Re: Floats, doubles C and MSVC

Discussion in 'C Programming' started by Andrew Reilly, Oct 14, 2004.

  1. On Wed, 13 Oct 2004 23:18:00 +0100, John Dallman wrote:
    > In article <-users.org>,
    > -users.org (Andrew Reilly) wrote:
    >
    >> I've discovered an unexpected problem with some signal processing code
    >> that I've been testing on various C platforms. I had been developing
    >> with GCC under FreeBSD and MacOSX, and didn't have any problems.
    >> When some of my colleagues ran it under Windows (compiled by MSVC),

    >
    > Which version of MSVC? 4.0 or later are OK; they set up the x87 FPU to use
    > honest 64-bit doubles, rather than the 80-bit kind. I don't know about
    > MSVC2.0, but MSVC 1.x uses 80-bit arithmetic


    MSVC is version 6.

    > And what flags? Try adding the "/Op" flag for "Improved floating-point
    > consistency". That often fixes these problems; the default settings are a
    > bit wild-and-wooly.


    Thanks for the suggestion. I'll pass it on to my MSVC-constrained
    colleagues.

    The issue seems (to me) to devolve into: "under what circumstances, in C,
    can one rely on cast from "double" to "float" to "take", when the original
    double value is still in scope?" There seem to be some weasel words in
    the C (C++ only?) standard about compilers being allowed to "be
    represented in greater precision and range than that required by the type".

    Hmm. Looking at that again, that post again (the first one by Ken Hagen),
    it only refers to operands and results of expressions. So values passed
    between statements, in variables, must presumably have the type cast
    applied to them, even if they are subsequently manipulated in double
    precision again?

    I.e.:

    double get_LSBs(double d) { return d - (float)d; }

    might legitimately always return zero, because (float)d is an operand in a
    floating point expression and may actually be used as just d, but

    double get_LSBs(double d) { float f = (float) d; return d - f; }

    should be able to be relied upon to return a value derived from the LSBs
    of d. Right?

    If that's the case, then MSVC-6 is definitely doing the wrong thing.

    Could my previous idea of doing the cast with a separate function:
    float float_me(double d) { return (float)d; }
    even be expected to work, given that the x86-32 ABIs seem to return
    floating point results in TOS of the x87?

    Cheers,

    --
    Andrew
     
    Andrew Reilly, Oct 14, 2004
    #1
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  2. Andrew Reilly

    jacob navia Guest

    This was discussed in comp.std.c some time ago.

    The standard implies that casts from double to float and the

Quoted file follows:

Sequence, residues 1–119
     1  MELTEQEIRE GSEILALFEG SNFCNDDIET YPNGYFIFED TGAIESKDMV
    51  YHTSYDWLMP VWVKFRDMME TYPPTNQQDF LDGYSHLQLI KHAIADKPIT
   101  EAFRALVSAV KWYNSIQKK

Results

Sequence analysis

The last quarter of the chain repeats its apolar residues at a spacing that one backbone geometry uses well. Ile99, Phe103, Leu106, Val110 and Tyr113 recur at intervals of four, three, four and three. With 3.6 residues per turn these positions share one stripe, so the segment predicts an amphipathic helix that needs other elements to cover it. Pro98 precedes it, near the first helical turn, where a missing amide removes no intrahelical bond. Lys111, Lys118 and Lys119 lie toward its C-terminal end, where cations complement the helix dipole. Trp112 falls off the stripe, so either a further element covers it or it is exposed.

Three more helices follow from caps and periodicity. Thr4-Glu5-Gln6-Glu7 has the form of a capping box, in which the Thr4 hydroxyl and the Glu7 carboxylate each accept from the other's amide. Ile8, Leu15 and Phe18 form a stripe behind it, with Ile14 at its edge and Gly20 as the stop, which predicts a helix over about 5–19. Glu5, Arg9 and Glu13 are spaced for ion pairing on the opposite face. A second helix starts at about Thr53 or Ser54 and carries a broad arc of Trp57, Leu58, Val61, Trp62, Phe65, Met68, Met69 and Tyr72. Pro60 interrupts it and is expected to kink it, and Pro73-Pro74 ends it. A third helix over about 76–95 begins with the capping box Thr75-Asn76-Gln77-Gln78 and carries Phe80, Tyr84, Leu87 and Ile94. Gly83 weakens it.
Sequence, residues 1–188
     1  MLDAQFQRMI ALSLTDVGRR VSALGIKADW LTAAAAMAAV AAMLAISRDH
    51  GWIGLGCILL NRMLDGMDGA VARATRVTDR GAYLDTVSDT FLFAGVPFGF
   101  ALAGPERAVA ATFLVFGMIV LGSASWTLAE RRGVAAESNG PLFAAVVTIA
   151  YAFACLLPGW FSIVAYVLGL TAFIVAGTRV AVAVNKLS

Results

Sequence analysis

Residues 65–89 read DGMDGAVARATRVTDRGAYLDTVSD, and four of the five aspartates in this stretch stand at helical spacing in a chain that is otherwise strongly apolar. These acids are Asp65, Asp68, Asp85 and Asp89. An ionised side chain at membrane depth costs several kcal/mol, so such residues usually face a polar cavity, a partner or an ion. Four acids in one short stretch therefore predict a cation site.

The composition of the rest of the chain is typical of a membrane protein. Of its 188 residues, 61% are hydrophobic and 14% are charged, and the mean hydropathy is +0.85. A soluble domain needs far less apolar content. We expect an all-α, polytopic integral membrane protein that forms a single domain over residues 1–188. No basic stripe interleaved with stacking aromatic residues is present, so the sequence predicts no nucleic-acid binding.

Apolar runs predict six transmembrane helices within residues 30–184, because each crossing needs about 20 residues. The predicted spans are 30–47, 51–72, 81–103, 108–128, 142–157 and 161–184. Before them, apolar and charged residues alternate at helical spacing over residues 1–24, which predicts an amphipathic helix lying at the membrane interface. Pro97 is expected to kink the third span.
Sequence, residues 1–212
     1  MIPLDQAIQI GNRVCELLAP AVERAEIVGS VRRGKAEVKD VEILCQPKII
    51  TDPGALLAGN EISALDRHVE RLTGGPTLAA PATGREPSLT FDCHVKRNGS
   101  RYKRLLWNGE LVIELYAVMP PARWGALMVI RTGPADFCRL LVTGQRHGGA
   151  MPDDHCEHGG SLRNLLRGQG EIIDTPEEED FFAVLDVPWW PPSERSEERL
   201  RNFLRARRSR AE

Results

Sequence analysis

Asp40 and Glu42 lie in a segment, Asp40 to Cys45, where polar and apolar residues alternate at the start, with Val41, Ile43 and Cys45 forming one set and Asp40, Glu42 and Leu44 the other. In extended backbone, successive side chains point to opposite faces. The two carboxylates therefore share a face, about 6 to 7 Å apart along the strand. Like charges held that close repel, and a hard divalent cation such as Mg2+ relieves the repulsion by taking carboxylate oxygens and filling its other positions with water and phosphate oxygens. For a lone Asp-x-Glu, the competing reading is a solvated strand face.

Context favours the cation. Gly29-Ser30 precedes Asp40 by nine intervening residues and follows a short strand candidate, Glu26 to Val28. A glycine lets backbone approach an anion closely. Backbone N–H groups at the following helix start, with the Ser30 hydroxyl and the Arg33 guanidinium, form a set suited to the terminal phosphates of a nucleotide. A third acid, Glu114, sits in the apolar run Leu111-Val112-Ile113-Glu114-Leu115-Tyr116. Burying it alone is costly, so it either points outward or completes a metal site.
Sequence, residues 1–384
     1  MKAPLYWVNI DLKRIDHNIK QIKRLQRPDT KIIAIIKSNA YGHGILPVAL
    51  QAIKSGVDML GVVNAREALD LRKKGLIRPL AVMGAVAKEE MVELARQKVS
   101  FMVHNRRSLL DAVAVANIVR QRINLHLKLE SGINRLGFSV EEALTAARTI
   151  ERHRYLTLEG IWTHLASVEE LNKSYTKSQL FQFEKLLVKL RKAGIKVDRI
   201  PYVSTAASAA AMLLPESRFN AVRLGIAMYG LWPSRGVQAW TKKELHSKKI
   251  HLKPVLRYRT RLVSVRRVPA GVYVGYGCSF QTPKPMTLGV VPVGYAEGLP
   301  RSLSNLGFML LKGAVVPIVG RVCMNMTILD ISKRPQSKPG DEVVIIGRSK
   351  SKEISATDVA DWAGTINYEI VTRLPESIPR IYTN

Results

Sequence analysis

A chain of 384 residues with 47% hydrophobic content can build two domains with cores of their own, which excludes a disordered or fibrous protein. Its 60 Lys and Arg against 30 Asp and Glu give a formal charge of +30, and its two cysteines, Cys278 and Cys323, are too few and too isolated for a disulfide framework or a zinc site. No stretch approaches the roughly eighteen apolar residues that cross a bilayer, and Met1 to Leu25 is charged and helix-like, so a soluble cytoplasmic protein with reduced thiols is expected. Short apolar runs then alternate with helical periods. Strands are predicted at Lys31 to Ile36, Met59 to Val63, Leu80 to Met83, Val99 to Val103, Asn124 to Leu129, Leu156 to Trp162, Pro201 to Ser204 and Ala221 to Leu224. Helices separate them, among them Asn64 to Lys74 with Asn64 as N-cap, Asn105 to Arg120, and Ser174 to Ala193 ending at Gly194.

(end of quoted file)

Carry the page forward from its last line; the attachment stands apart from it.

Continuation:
other way around should be actually done, i.e. the precision should
    be shed and the number, even if *represented* in
    greter precision should be converted to 24 bit precision.

    lcc-win32 implements this by storing the long double
    format used internally into memory, then re-reading it again.

    The same happens with the conversion of long double to
    double and the other way around
     
    jacob navia, Oct 14, 2004
    #2
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  3. Andrew Reilly

    Tim Prince Guest

    "Andrew Reilly" <-users.org> wrote in message
    news:p-users.org...
    > On Wed, 13 Oct 2004 23:18:00 +0100, John Dallman wrote:
    > > In article <-users.org>,
    > > -users.org (Andrew Reilly) wrote:
    > >
    > >> I've discovered an unexpected problem with some signal processing code
    > >> that I've been testing on various C platforms. I had been developing
    > >> with GCC under FreeBSD and MacOSX, and didn't have any problems.
    > >> When some of my colleagues ran it under Windows (compiled by MSVC),

    > >
    > > Which version of MSVC? 4.0 or later are OK; they set up the x87 FPU to

    use
    > > honest 64-bit doubles, rather than the 80-bit kind. I don't know about
    > > MSVC2.0, but MSVC 1.x uses 80-bit arithmetic

    >
    > MSVC is version 6.
    >
    > > And what flags? Try adding the "/Op" flag for "Improved floating-point
    > > consistency". That often fixes these problems; the default settings are

    a
    > > bit wild-and-wooly.

    >

    That's correct. /Op includes the same effect as you would see in gcc
    with -ffloat-store.
    With x87 code, performing a true conversion from double to float and back to
    double, as required for further arithmetic, is extremely time-consuming. It
    requires at least that the entire cache line be updated at all levels of
    cache, presumably with "joined at the bus" acceleration to get your operand
    back prior to finishing those updates. This is one of the reasons why all
    CPUs in those families from P-III and Athlon on provide SSE floating point
    instructions. MSVC6 was probably the last widely used compiler which didn't
    provide an option to use SSE at least for scalar instructions.
     
    Tim Prince, Oct 14, 2004
    #3
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